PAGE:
infrared astronomy

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infrared astronomy

n.
The branch of astronomy that uses observations of emissions in the infrared part of the electromagnetic spectrum to study extraterrestrial sources such as stars, planets, galaxies, and interstellar gas and dust clouds.

infrared astronomy

n
(Astronomy) the study of radiations from space in the infrared region of the electromagnetic spectrum
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In addition to the Webb Telescope, Ball Aerospace has played a significant role in astrophysics and planetary missions including Kepler, the Hubble Space Telescope, the Wide-field Infrared Survey Explorer, the Spitzer Space Telescope, the Infrared Astronomical Satellite, the Cosmic Background Explorer, the Chandra X-ray Observatory, and the upcoming Sentinel Mission.
The LOFAR observations might be comparable to the initial discovery of the CMB in the 1960s and the detection of the ripples by NASA's Cosmic Background Explorer (COBE) satellite," says de Bruyn.
In January 1990, John Mather of NASA's Goddard Space Flight Center got a standing ovation from colleagues when he unveiled data from NASA's Cosmic Background Explorer satellite showing that the radiation left over from the Big Bang perfectly matched that of a blackbody with a temperature of 2.
When the satellite, NASA's Cosmic Background Explorer (LOBE), reached orbit in 1989, it showed that the CM B has the blackbody spectrum predicted by the Big Bang theory, with a temperature of 2.
But all those discoveries have come from robotic craft such as the Hubble Space Telescope, the Cosmic Background Explorer, and the Wilkinson Microwave Anisotropy Probe.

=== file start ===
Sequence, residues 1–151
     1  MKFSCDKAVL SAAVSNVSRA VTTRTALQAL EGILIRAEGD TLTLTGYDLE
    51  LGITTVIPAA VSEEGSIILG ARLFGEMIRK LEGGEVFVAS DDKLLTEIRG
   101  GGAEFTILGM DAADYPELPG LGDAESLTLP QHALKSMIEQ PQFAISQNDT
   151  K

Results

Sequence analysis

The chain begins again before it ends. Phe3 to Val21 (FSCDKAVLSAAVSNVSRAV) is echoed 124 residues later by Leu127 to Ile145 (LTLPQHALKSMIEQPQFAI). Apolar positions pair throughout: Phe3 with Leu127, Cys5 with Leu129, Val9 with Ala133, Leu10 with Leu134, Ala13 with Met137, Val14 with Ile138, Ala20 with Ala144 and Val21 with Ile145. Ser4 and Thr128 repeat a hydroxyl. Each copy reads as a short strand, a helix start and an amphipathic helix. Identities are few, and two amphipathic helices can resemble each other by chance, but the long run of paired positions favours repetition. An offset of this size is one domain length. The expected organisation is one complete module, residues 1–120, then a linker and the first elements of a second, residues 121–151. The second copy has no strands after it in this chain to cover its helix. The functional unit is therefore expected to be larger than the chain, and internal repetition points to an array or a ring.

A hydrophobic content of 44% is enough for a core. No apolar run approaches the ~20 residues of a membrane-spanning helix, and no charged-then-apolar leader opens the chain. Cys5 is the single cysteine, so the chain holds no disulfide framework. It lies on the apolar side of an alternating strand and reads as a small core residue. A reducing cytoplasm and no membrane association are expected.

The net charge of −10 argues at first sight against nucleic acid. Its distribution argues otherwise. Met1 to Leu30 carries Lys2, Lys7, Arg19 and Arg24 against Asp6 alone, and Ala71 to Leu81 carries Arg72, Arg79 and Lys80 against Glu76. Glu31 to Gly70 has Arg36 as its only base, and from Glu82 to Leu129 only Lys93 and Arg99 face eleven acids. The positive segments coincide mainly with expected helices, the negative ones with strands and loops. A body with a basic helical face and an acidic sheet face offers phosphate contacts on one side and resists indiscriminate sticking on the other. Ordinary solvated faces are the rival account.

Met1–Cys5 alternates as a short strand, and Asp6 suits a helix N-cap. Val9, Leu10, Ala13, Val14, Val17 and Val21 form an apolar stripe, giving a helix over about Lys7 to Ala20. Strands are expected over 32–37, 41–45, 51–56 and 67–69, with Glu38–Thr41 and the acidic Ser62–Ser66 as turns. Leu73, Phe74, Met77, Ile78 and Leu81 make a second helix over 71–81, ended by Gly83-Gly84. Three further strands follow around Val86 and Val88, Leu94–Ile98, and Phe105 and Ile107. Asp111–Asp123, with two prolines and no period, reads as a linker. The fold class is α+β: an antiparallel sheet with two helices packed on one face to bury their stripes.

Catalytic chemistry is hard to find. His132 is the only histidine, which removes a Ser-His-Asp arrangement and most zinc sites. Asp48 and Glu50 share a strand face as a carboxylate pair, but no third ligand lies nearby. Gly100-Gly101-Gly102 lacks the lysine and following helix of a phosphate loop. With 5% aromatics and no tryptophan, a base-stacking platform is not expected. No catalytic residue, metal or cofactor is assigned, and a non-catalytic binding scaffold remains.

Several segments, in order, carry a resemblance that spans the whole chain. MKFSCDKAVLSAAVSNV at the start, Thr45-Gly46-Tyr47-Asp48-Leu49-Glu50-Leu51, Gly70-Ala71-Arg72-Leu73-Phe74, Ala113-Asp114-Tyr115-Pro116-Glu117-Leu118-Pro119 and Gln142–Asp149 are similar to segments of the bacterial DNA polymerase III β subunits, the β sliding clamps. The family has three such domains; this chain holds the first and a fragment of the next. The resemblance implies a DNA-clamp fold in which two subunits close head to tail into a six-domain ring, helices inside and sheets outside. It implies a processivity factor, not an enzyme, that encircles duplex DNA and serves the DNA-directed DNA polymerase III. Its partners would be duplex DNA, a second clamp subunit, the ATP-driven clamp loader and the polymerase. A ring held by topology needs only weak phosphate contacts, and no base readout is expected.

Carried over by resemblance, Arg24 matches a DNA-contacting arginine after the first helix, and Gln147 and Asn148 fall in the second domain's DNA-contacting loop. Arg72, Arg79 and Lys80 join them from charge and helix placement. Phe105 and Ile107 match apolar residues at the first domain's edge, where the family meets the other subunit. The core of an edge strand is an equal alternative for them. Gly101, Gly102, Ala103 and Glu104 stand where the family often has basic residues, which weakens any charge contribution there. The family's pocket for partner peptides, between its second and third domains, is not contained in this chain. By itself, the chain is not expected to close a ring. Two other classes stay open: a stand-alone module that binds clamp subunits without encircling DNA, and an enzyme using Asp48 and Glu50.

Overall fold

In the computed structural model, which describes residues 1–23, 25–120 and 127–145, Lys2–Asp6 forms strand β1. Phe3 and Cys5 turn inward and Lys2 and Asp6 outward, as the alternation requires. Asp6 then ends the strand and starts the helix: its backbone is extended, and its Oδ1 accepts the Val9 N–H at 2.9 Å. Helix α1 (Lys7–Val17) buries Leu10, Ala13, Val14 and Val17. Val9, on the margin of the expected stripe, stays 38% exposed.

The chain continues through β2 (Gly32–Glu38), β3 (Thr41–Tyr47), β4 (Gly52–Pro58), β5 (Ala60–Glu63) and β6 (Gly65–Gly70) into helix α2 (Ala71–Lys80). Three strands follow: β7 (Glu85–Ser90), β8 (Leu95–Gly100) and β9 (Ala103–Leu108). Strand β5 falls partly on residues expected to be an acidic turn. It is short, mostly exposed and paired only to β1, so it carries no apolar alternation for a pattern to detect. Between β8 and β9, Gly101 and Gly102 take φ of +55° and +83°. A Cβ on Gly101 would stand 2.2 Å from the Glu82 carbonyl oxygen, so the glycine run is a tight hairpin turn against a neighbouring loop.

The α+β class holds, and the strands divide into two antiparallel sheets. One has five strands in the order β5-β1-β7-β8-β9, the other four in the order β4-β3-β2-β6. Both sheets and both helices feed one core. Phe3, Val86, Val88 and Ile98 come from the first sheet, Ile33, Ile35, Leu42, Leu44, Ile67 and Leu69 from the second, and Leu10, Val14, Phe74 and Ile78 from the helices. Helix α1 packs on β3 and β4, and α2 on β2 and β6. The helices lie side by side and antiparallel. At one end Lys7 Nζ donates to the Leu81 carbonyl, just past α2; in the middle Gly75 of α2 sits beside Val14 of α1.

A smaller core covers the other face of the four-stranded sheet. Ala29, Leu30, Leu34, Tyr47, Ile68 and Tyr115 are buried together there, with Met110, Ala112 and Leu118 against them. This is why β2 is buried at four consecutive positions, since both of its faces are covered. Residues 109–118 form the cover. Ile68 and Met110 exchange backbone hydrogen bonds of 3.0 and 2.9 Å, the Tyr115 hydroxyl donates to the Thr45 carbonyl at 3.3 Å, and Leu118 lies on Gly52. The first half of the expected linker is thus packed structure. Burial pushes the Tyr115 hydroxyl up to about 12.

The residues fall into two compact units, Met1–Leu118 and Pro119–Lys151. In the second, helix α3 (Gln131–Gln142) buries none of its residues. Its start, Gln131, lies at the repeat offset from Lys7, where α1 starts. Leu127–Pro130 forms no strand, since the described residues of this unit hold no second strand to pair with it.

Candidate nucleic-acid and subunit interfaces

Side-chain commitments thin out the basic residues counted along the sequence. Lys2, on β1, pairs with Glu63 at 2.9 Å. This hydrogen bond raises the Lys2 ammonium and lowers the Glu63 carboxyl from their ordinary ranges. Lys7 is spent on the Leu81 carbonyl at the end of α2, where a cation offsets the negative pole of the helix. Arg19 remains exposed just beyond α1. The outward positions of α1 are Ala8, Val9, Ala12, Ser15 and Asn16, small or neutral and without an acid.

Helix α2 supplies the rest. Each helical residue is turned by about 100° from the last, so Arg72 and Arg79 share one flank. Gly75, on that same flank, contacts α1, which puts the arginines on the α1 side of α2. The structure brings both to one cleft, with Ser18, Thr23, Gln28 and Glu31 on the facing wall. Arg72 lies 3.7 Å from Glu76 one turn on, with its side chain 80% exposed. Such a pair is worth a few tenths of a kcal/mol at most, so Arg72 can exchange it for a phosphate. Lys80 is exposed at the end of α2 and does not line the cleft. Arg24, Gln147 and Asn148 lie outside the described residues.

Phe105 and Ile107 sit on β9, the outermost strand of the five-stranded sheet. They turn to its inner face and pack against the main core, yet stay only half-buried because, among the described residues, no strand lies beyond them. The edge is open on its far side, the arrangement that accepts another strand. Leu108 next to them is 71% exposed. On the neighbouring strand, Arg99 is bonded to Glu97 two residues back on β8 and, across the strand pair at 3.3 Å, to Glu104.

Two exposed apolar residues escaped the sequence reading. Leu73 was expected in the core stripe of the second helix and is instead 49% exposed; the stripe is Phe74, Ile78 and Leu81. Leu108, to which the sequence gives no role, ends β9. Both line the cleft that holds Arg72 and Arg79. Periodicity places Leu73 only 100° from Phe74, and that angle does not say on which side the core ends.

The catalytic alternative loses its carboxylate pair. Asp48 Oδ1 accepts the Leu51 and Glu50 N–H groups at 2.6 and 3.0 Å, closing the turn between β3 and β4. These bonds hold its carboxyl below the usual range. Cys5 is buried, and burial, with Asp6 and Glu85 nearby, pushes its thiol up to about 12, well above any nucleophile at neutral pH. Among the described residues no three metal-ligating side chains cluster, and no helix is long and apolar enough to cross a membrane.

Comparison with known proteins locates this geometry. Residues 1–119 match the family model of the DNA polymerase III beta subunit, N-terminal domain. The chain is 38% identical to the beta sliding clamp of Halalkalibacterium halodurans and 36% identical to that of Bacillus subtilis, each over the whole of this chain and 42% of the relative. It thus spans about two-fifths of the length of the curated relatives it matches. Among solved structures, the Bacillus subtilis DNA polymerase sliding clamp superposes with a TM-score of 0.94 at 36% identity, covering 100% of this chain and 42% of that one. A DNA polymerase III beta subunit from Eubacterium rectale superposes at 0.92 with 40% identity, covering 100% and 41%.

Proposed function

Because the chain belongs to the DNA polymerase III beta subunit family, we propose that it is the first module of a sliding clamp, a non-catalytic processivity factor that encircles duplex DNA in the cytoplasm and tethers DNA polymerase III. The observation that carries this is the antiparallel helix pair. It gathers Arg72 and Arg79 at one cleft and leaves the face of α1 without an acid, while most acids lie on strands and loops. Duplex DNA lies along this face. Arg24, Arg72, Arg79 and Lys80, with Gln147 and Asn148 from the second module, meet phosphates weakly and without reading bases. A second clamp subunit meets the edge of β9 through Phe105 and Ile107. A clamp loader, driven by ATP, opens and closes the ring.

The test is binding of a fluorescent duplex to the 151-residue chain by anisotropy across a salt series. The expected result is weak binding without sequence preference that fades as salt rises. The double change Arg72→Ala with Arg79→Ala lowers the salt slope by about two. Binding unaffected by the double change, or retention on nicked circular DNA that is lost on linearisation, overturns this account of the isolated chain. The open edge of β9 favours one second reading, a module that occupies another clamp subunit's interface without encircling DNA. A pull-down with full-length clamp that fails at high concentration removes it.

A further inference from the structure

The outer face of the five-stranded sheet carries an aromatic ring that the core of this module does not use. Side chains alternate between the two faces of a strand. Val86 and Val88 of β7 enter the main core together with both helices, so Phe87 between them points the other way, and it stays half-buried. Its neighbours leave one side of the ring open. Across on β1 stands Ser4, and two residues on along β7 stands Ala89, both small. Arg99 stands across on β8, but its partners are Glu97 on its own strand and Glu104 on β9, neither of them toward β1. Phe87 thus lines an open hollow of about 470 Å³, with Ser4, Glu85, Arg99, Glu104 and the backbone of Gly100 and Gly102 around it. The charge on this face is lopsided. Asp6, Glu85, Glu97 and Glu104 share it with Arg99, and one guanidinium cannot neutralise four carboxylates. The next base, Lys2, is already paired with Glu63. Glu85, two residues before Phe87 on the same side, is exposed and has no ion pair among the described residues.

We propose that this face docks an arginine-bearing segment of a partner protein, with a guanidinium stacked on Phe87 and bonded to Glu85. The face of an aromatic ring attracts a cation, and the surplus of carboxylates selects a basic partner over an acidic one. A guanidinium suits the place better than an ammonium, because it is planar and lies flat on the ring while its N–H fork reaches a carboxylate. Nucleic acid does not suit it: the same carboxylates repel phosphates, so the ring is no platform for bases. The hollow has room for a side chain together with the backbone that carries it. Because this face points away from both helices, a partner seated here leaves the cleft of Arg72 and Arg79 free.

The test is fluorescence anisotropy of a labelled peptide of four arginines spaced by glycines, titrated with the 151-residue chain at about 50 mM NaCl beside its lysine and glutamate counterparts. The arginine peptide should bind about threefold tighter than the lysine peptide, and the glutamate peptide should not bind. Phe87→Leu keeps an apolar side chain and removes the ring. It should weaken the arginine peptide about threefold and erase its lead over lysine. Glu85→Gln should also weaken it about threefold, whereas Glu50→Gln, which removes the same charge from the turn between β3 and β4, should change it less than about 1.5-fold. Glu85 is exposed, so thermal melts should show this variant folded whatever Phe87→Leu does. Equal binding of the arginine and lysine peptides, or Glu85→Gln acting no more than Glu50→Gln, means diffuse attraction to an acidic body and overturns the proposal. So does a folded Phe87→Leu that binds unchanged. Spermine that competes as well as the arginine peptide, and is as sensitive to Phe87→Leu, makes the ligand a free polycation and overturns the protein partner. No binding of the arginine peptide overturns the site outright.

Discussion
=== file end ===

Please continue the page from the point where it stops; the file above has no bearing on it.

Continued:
In the 1970s and 1980s, Mather was "the true driving force" behind the satellite known as NASA's Cosmic Background Explorer (COBE), according to the Royal Swedish Academy of Sciences, the institute that awards the physics prize.
A team led by Daniel Babich (Harvard-Smithsonian Center for Astrophysics) found no trace of such an effect in data from NASA's Cosmic Background Explorer.
The book also includes an explanation of string theory, updates on the Hubble Space Telescope and the Cosmic Background Explorer satellite, and a helpful glossary.
The team found a tight correlation between the X-ray background as mapped in 10 years of RXTE data and our galaxy's near-infrared glow as mapped by NASA's Cosmic Background Explorer (COBE) in the early 1990s.
Data and images collected by satellites such as the Wilkinson Microwave Anisotropy Probe and the Cosmic Background Explorer have enabled scientists to zero in on what happened just 380,000 years after the Big Bang.
And it confirmed a still-unexplained datum from WMAP's predecessor, the Cosmic Background Explorer (COBE) satellite: an unexpected lack of lumpiness in the microwave sky on the very largest scales.
He provides an engaging, behind-the-scenes account of how WMAP, as well as its predecessor, the Cosmic Background Explorer, was built and launched and how data from each are processed.